“Well, I think it’s a wonderful character,” Cage shared. “It’s a character that lends itself to channeling some of my favorite noir movie stars. It doesn’t matter if new generations do not know who [Humphrey] Bogart is or [James] Cagney is… Spider-Man, for me, is the coolest superhero. I think to have that combined with a noir, like 1930s golden age movie star attitude, makes it one of the most exciting of all the superhero characters.” (Via ComicBook.com)
Cage also owned a mint condition and highly sought-after copy of Action Comics #1, which he acquired in 2000 and resold in 2011 for a then-record amount of $2,161,000.
2. Keanu Reeves – BRZRKR
Stars don’t get much bigger than Keanu Reeves. The Matrix and John Wick actor is known for his love of music, film and comics. Reeves collaborated as a co-writer with New York Times bestselling writer Matt Kindt (Grass Kings, Spy Superb) and acclaimed artist Ron Garney (Wolverine) for BRZRKR. Boom!Studios published the three-volume set, which follows B, aka the Berzerker, an immortal warrior fighting his way through the ages brutally and violently. Half mortal and half god, B is cursed to roam the earth and fight in an endless war due to his proclivities for violence and warmongering.
Seeking answers for his accursed existence, with the desire and knowledge of how to end it, the Berzerker teams up with the U.S. government as an agent willing to do the dirty work no one else can or will do. B. was fashioned after the image of Keanu Reeves, and the first issue was a smash hit upon release, selling over 615,000 copies.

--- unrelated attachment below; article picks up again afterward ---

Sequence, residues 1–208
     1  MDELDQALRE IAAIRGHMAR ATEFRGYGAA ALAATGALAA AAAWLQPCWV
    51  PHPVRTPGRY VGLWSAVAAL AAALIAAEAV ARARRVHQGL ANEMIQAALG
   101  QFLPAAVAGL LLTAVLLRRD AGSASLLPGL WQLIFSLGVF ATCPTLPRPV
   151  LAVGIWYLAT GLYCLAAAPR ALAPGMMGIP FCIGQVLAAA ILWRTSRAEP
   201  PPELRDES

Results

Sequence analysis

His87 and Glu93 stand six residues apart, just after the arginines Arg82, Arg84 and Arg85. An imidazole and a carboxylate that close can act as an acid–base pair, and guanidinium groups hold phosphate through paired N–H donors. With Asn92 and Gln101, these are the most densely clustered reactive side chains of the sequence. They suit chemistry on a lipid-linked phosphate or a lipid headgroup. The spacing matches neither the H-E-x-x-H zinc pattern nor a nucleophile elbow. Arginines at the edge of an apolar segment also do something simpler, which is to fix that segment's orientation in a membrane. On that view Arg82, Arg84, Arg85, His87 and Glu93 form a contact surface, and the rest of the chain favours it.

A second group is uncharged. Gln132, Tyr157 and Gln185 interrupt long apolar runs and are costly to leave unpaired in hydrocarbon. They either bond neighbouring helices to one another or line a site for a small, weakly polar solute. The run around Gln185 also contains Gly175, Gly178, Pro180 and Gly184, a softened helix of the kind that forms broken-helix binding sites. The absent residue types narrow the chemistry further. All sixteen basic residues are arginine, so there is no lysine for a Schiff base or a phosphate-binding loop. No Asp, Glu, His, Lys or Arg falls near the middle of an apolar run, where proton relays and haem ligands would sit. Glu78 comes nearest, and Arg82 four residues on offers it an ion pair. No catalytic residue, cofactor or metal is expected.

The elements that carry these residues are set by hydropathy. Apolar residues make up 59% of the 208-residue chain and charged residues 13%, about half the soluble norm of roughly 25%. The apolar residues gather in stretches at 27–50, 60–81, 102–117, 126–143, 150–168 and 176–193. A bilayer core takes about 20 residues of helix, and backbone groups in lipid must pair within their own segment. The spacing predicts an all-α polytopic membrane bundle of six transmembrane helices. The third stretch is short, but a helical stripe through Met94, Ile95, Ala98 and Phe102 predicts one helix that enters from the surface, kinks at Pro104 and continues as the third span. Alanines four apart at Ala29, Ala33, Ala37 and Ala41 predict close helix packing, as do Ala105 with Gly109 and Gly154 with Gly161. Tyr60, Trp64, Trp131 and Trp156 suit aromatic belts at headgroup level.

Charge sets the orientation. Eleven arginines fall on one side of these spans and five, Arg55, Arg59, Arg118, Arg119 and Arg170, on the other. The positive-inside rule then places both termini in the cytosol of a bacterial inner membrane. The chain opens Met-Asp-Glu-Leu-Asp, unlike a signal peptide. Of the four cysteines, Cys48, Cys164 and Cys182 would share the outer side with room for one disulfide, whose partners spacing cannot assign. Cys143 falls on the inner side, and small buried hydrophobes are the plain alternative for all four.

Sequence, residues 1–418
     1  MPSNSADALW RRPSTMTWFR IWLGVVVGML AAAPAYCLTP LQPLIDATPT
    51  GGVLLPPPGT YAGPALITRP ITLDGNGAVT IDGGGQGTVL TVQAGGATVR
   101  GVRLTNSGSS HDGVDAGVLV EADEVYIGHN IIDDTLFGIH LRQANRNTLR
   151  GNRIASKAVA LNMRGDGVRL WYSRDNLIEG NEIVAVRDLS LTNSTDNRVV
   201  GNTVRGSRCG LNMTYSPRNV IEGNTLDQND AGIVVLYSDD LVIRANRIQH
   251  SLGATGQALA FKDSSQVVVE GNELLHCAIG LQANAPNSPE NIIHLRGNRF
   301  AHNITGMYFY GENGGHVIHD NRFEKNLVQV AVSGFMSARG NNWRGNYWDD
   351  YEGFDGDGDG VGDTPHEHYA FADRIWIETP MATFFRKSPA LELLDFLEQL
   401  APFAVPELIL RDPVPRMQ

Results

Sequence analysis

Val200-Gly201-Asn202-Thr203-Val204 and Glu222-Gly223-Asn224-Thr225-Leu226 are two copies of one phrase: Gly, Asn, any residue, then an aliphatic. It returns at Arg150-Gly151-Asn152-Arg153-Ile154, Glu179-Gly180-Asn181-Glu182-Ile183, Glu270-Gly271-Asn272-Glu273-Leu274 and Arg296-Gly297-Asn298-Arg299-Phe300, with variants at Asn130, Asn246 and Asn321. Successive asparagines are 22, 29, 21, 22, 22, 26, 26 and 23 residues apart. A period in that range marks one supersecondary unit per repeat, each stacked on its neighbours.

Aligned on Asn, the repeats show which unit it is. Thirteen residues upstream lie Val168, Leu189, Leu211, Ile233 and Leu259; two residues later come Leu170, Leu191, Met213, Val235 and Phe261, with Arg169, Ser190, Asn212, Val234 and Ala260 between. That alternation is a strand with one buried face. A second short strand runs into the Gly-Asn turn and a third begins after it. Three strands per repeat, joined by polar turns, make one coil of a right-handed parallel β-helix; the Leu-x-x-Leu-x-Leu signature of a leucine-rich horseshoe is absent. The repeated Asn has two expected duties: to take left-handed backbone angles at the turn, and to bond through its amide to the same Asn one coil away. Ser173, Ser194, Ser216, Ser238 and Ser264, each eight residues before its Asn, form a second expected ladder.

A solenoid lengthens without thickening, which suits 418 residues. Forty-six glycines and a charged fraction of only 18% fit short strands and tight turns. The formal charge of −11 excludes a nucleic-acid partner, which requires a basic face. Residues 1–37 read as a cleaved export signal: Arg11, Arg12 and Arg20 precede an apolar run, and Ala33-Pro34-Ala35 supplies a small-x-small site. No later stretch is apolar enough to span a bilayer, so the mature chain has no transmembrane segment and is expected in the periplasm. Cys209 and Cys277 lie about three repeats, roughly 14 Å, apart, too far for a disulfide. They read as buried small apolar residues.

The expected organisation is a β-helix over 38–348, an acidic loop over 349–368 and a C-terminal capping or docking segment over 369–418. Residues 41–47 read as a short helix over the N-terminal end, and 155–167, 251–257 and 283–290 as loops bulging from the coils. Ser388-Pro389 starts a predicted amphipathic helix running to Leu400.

In an interview with USA Today, Reeves revealed that at one point, he harboured dreams of playing Wolverine, and now he would “love to play Berzerker.” He added, “It’s a really fun story so if it’s not me,” he added, “hopefully someone can play it.”
B. is a great character with an interesting backstory. Fighting wars as an immortal across the centuries is a fantastic idea for a film, and Reeves would be epic in the role. Even if the actor does not appear in any BRZRKR film adaptations, seeing the character appear in a live-action film would be a treat.
RELATED: BRZRKR: Keanu Reeves Adds Comic Book Writer To His Skill Set
3. Bill Hader – Spider-Man: The Short Halloween
Bill Hader is a legendary Saturday Night Live cast member and starred in films and series like Brooklyn Nine-Nine (Captain Dozerman), Inside Out (Fear), Cloudy With A Chance of Meatballs (Flint Lockwood), and It Chapter Two (Richie Tozier). The comedic actor and his Saturday Night Live co-star Seth Meyers collaborated to co-write this Marvel One Shot.
Spider-Man: The Short Halloween is pencilled by Kevin Maguire and revolves around Ronnie, aka ‘Drunk Spider-Man’, who is mistaken for the real Spider-Man. Peter Parker gets knocked unconscious during the Greenwich Village Costume Parade on Halloween. At the same time, drunken reveller Ronnie dons a Spider-Man suit and is mistaken for Spider-Man. Meyers and Hader created a new rag-tag team of Spider-Man villains trying to make their mark, including Badger Teeth, Haymaker, Mr Think, Fumes and Gossip Girl. These upstarts confuse Ronnie for Spider-Man, and trouble ensues.